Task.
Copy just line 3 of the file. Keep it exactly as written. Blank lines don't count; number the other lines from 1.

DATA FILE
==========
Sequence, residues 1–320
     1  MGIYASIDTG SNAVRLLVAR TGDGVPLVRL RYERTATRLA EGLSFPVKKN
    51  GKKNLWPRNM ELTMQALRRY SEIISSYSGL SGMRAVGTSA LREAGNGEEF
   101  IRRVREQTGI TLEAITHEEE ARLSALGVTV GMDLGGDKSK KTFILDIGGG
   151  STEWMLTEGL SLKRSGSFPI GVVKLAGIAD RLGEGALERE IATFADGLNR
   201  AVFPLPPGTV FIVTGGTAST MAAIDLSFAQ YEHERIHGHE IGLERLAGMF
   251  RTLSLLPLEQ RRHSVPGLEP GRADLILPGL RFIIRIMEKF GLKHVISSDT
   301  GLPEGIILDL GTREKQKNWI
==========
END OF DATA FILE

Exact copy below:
    51  GKKNLWPRNM ELTMQALRRY SEIISSYSGL SGMRAVGTSA LREAGNGEEF